I Was the Dork Who Took Latin

Jackie Alvarez

Hello, Dearest,

In high school, I was rather dorky. I’ve learned to embrace this. (Read the chapter in Mindy Kaling’s memoir, Is Everyone Hanging Out without Me? (And Other Concerns) about not peaking in high school if you still look at your high school self and cringe.)

The peak of my cool factor comes from the fact that instead of a more practical language, I took three years of Latin in school. My Latin teacher would often tell us Latin is the Marine Corps of the mind and make comments about the Spanish students cooking tacos. Mrs. McGuinness taught all the Latin classes at my high school. Her husband had some sort of top secret job and was in Russia all the time, so she had a lot of time on her hands to invest in her students. The Latin word for student is discipuli.She addressed us by this often.

All of a sudden, as a freshman sitting with my year one Latin book trying to fill out a worksheet with my table partner, the concept of being a student had greater meaning. A student is someone learning a trade or a discipline.

Discipline is a word meaning “making myself do something I don’t really want to do.” And yet, almost every discipline I attempt is really my attempt at forming good habits or healthy, life-giving rhythms. It’s that way when I practice drawing the same flower over and over in the hopes eventually muscle memory will take over. It’s that way when I make the same recipe multiple times so it becomes second nature. It’s the same when I make myself hang up my clothes right out of the laundry instead of letting them sit in the basket. The more often I do these practices, the more easily they will become second nature and not require me to muster every ounce of will I contain within.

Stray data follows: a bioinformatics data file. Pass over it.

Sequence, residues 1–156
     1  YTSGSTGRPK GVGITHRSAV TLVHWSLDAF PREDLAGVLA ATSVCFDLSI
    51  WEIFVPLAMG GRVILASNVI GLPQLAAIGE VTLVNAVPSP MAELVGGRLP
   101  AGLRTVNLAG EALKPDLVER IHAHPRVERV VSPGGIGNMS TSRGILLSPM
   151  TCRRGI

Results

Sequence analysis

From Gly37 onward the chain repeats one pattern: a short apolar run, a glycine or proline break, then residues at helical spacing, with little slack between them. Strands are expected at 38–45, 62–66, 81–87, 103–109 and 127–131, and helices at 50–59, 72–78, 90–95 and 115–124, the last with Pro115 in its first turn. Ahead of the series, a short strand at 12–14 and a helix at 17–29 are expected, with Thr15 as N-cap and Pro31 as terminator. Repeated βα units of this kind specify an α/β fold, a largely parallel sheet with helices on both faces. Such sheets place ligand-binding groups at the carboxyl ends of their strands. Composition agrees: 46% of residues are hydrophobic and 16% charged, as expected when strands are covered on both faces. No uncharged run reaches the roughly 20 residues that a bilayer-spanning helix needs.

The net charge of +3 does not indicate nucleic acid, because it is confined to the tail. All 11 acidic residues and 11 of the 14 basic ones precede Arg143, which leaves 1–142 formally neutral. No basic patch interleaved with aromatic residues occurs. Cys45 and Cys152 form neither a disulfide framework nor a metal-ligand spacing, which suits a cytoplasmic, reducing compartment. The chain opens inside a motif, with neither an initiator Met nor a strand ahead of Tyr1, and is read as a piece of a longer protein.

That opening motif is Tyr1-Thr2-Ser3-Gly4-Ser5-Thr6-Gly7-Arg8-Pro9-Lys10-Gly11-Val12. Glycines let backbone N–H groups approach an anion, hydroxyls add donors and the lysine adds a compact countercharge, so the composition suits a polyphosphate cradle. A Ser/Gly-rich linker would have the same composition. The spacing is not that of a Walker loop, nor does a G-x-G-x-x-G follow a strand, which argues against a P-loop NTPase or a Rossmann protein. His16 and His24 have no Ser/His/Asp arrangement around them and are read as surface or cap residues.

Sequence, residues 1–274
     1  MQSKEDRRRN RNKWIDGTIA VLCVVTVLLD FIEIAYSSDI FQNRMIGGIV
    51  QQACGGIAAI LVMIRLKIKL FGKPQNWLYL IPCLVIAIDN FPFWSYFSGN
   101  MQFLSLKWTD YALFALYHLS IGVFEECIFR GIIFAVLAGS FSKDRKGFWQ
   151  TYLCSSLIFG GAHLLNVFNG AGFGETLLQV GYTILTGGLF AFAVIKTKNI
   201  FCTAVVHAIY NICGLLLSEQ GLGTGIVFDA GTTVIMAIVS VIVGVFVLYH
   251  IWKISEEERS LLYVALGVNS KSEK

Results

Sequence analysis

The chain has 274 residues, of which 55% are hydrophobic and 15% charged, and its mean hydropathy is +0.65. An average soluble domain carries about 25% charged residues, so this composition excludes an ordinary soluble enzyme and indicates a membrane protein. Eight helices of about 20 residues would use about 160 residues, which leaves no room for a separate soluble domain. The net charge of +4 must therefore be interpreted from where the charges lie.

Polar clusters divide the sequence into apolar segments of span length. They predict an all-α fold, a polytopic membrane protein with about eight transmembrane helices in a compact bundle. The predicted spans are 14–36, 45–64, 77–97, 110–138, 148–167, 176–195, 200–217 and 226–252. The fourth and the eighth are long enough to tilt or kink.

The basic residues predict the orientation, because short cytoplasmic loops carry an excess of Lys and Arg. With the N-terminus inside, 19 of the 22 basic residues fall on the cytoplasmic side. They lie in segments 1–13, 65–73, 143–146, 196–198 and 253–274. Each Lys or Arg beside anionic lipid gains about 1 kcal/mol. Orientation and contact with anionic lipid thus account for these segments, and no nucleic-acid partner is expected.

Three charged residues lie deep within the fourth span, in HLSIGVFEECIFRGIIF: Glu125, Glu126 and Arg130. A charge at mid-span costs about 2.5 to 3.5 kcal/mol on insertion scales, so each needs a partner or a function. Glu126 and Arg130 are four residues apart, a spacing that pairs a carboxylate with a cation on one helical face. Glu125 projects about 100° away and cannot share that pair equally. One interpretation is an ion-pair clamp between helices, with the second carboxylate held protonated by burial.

When it comes to raising little people, parents instill values and habits through the disciplines they teach. The hope is that those disciplines would eventually become habits and become like second nature. It starts with little things like not loudly pointing out the physical features of people walking by in public or putting shoes away. Eventually there are bigger things to learn, like speaking up for needs or learning to apologize. Everything starts out as a brand new skill before it is mastered. Learning or teaching someone a new discipline requires a lot of iteration. Lessons often require instructions given multiple times. Learning new habits requires a lot of practice and some failure (including literal spilt milk). And sometimes it means behavior correction since parenting requires giving kids the habits and skills they need to grow up into successful adults. (Or, at least not to embarrass their parents too much once they start going to school.)

This month on Hello, Dearest we’ll be talking the gamut of discipline from self-discipline, disciplining children and everything in between. We invite you to join the conversation.


Jackie Alvarez
Executive Managing Editor